"I'm the only Yalie in the Harvard football hall of fame." --Harvard professor Bradford A. Lee, who fumbled an onside kick in the 1968 classic.
George Owen Jr. '23, who will soon enter the National Football Foundation Hall of Fame, says a victory over Yale can transform a season.
"It was the game to win then and now," recalls Owen, who completed his college career 60 years ago. "If you won the Yale game, no matter what else happened during the year, then you had a satisfactory season."
Adds Richard Clasby '54, the only other nine-letter man at Harvard: "You could have beaten everyone else, but the game that comes to the forefront is the Yale game, even 30 years later. If you lose, that's 30 years of loss to live with."
For Clasby and hundreds of others, a game played on a cold Saturday in November can easily be the single most memorable event in a long football career.
In Clasby's case, enter 1953 and a 13-0 victory over Yale.
"I was a tailback and Carroll Lowenstein threw a 70-yard touchdown pass to me that was later called off because someone on the team was offside. Well, they could take that touchdown away from me but they can never take away the thrill," Clasby remembers. "The last 20 yards your feet don't even touch the ground."
For other players, however, Harvard-Yale memories are not so glorious. Robert Drennan '46, like Clasby, says he will always remember the Game his senior year. "It was the worst defeat of my life," said Drennan of the 1946 game in which the Bulldogs dumped the Harvard 11, 31-21.
"It's so much more than a game, with all the pageantry, the emotions, the jarn-packed stadium," recalls Paul Crawley '52, who watched "helplessly while the Yale team snatched away" hopes for a Crimson victory in 1951. "There was three minutes left to play in the game and the coach decided to play it safe and kick the ball--he said he figured it would be hard for them to come 80 yards for a touchdown."
Famous last words. A short kick off the side of the punter's foot helped Yale to a touchdown and dashed all hopes for a Harvard victory. Final score: 21-21.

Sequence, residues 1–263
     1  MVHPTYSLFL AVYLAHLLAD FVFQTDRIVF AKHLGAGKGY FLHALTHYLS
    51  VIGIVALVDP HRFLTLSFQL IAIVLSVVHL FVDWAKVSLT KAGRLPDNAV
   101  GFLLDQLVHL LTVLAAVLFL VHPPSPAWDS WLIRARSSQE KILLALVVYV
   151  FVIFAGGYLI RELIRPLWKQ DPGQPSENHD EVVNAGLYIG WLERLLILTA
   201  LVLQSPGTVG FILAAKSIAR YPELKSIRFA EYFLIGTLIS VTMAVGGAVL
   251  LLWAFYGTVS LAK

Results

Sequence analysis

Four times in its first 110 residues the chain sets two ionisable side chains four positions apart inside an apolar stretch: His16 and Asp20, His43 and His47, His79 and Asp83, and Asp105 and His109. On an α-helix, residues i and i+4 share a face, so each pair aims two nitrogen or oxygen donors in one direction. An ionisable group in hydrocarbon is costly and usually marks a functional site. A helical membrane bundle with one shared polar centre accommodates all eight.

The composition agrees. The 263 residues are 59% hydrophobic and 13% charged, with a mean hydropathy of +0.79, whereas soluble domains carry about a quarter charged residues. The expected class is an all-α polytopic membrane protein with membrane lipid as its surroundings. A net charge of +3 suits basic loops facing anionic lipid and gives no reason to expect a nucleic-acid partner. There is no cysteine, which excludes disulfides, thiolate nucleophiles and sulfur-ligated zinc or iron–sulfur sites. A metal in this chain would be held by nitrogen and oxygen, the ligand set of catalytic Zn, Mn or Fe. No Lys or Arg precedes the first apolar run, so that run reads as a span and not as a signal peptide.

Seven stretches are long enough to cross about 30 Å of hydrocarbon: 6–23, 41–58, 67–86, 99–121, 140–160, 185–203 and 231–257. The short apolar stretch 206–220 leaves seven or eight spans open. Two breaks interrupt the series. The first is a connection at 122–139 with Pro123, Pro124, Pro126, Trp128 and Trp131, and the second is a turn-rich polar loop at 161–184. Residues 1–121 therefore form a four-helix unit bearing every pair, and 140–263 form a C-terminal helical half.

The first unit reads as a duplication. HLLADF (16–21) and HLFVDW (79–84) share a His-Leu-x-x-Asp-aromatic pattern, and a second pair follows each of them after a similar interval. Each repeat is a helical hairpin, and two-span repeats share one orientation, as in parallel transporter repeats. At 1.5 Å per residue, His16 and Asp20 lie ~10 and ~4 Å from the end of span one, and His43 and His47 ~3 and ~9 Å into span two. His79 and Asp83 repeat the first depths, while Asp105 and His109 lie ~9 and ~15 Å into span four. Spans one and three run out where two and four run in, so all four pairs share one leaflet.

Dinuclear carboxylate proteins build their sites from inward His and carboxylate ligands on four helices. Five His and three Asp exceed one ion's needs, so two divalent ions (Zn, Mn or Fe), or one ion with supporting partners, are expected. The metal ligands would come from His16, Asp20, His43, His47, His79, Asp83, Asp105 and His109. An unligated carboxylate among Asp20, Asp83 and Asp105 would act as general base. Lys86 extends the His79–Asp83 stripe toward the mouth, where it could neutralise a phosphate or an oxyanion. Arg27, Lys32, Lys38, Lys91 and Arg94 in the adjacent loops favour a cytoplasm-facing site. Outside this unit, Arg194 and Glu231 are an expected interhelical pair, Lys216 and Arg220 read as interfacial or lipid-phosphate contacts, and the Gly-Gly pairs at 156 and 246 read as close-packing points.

Don Allard '83 came into last year's stunning destruction of Yale quite familiar with such agony. After a heartbreaking no-time-left loss at Penn the week before, quarterback Allard & Co. came back to blast the Blue, 45-7. "It was the high point of my career. We were just a whole 'nother team that day. We could have done anything we wanted. We did."
In the 99th meeting between the two teams Harvard scored more p2oints (45), rushed for more yards (86), and completed more total offense than ever before against Yale.
But, as recollections from stars of yesteryear indicate, the Game is more than the results that appear on the scoreboard and enter the record books.
Owen, for example, remembers that the Thursday night before The Game, Harvard football graduates would hold a dinner for the team in Brookline. At the dinner before his senior year game, Eddie Cantor, a famous vaudeville actor of the 1920's, attended and promised the team tickets to his show if they beat Yale. Harvard proceeded to win by a 10-3 count.
So picking up on Cantor's promise, the squad went into Boston to see his show. "Afterwards we went back stage to meet the cast," says Owen. "Everyone was being so nice to us. I knew something was up." It turned out that after seeing the size of the Harvard team, Cantor had persuaded everyone in the cast to place what had turned out to be successful bets on the Harvard team.